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How does SQL Server know to retrieve these values this way?

Key         someMoney
----------- ---------------------
1           5.00
2           5.002
3           5.0001

Basically, I'm wondering how to know how many decimal places there are without much of a performance hit.

I want to get

Key         someMoney             places
----------- --------------------- ----------
1           5.00                  2
2           5.002                 3
3           5.0001                4
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2  
Jsut as an fyi, the money datatype is not a very accurate datatype. if you plan on doing any type of data calculations you're better off using decimal. –  DForck42 Sep 1 '11 at 18:15
    
@DForck42 - thanks, but i'm working an existing system –  Daniel A. White Sep 1 '11 at 18:16

4 Answers 4

The client is formatting that. SQL Server SSMS or whatever. SQL Server is returning a full money value in the data stream and it takes a full 8 bytes. (http://msdn.microsoft.com/en-us/library/cc448435.aspx). If you have SQL Server convert to varchar, it defaults to 2 decimal places

Notice that the Stack Overflow data browser doesn't even show the same results you have:

http://data.stackexchange.com/stackoverflow/q/111288/

;
with money_cte ([Key], [someMoney])
as
(
    select 1, cast(5.00 as money)
    union
    select 2, cast(5.002 as money)
    union
    select 3, cast(5.0001 as money)
)

select *
    , CONVERT(varchar, someMoney) AS varchar_version
    , CONVERT(varchar, someMoney, 2) AS varchar_version2
FROM money_cte​
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This produces the correct results, but I'm not sure if it performs well enough for you and I haven't tried it with data other than the examples you listed:

;
with money_cte ([Key], [someMoney])
as
(
    select 1, cast(5.00 as money)
    union
    select 2, cast(5.002 as money)
    union
    select 3, cast(5.0001 as money)
)

select [Key], [someMoney], abs(floor(log10([someMoney] - round([someMoney], 0, 1)))) as places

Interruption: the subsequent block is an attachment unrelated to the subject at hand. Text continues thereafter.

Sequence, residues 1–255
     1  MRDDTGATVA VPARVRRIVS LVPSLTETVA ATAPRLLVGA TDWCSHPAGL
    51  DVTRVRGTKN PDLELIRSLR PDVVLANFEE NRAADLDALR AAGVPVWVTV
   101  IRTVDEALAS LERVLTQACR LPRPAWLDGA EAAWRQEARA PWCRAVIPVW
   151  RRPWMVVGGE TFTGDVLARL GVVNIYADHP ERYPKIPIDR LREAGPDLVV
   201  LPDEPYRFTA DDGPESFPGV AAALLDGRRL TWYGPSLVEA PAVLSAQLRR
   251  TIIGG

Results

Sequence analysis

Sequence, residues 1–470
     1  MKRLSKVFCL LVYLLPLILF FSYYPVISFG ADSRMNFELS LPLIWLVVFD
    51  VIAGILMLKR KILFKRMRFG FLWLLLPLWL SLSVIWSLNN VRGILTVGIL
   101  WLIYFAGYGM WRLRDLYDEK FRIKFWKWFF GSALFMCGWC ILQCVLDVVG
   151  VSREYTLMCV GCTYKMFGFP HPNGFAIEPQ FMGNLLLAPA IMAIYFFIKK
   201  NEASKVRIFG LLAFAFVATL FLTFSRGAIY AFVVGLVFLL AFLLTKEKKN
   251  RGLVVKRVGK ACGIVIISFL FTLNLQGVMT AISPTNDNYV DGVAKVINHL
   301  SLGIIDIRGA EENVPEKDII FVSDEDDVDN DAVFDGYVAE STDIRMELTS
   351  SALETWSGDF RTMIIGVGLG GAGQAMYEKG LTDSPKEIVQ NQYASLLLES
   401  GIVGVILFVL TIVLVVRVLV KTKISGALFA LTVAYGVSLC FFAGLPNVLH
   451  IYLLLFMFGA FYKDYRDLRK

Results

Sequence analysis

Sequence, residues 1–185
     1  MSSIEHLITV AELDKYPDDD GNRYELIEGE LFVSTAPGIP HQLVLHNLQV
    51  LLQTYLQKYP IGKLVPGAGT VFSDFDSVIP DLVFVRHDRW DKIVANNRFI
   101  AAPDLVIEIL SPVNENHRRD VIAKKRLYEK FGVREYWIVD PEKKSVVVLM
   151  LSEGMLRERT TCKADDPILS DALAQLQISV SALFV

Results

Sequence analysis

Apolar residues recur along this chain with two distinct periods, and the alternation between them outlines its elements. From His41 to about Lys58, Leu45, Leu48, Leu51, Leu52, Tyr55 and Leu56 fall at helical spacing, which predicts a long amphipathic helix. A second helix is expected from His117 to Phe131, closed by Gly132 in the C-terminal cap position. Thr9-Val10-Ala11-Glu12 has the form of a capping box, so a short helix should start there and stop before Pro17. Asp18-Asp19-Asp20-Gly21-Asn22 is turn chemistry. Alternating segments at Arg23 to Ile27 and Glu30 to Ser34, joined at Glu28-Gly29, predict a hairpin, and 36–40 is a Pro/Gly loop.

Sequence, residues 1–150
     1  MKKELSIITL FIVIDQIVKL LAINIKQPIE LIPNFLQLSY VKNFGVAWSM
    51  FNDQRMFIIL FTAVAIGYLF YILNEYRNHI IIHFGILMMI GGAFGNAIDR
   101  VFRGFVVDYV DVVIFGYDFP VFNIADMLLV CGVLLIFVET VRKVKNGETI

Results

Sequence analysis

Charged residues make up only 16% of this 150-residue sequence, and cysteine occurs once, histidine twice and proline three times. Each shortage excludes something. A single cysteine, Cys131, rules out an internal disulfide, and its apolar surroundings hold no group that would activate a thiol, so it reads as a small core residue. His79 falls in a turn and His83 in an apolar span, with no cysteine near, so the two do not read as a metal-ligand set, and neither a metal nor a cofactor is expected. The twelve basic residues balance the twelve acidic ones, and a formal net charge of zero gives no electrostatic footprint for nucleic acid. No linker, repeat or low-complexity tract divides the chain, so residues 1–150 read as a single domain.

from money_cte 
where [someMoney] - round([someMoney], 0, 1) <> 0

union

select [Key], [someMoney], 2 as places
from money_cte 
where [someMoney] - round([someMoney], 0, 1) = 0
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So this is a huge ugly hack, but it will give you the value you're looking for...

DECLARE @TestValue MONEY
SET @TestValue = 1.001

DECLARE @TestString VARCHAR(50)
SET @TestString = REPLACE(RTRIM(REPLACE(CONVERT(VARCHAR, CONVERT(DECIMAL(10,4), @TestValue)), '0', ' ')), ' ', '0')

SELECT LEN(@TestString) - CHARINDEX('.', @TestString) AS Places
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Money has 4 decimal places....it's a fixed-point data type.

share|improve this answer
    
Yes, but I need to know how many are actually being used. –  Daniel A. White Sep 1 '11 at 18:12
    
Four are being used. If you insert the value 1, mssql stores 1.0000 –  Andrew Barber Sep 1 '11 at 18:15
2  
How does sql server then return it with only 2 decimal places? –  Daniel A. White Sep 1 '11 at 18:20
    
So I'm researching this, and came across the concept of VARDECIMAL storage format. (It's a table property.) I initially thought ah-ha! But when I looked at my database, I see it's turned-off and I still get the same display you do. So I don't think this is the answer, but might be worth reading: mssqltips.com/sqlservertip/1614/… –  宮本 武蔵 Sep 1 '11 at 18:41

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